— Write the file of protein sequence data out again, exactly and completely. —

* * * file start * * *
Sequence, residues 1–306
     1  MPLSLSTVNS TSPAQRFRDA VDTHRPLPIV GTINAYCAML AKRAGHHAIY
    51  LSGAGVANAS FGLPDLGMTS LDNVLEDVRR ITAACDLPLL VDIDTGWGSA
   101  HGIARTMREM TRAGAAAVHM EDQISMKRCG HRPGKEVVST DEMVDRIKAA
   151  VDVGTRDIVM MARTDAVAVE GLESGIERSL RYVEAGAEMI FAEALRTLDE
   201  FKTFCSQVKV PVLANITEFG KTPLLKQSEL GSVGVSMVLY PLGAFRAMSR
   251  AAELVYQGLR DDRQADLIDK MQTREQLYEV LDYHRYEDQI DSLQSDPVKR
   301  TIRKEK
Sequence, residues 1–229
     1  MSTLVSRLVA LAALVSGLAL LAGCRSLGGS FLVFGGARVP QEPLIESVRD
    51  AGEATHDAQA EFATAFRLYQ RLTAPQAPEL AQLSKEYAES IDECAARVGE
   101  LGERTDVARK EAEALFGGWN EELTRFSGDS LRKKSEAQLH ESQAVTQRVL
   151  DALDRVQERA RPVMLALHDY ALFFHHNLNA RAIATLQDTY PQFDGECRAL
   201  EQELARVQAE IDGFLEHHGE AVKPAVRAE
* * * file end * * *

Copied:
Sequence, residues 1–306
     1  MPLSLSTVNS TSPAQRFRDA VDTHRPLPIV GTINAYCAML AKRAGHHAIY
    51  LSGAGVANAS FGLPDLGMTS LDNVLEDVRR ITAACDLPLL VDIDTGWGSA
   101  HGIARTMREM TRAGAAAVHM EDQISMKRCG HRPGKEVVST DEMVDRIKAA
   151  VDVGTRDIVM MARTDAVAVE GLESGIERSL RYVEAGAEMI FAEALRTLDE
   201  FKTFCSQVKV PVLANITEFG KTPLLKQSEL GSVGVSMVLY PLGAFRAMSR
   251  AAELVYQGLR DDRQADLIDK MQTREQLYEV LDYHRYEDQI DSLQSDPVKR
   301  TIRKEK
Sequence, residues 1–229
     1  MSTLVSRLVA LAALVSGLAL LAGCRSLGGS FLVFGGARVP QEPLIESVRD
    51  AGEATHDAQA EFATAFRLYQ RLTAPQAPEL AQLSKEYAES IDECAARVGE
   101  LGERTDVARK EAEALFGGWN EELTRFSGDS LRKKSEAQLH ESQAVTQRVL
   151  DALDRVQERA RPVMLALHDY ALFFHHNLNA RAIATLQDTY PQFDGECRAL
   201  EQELARVQAE IDGFLEHHGE AVKPAVRAE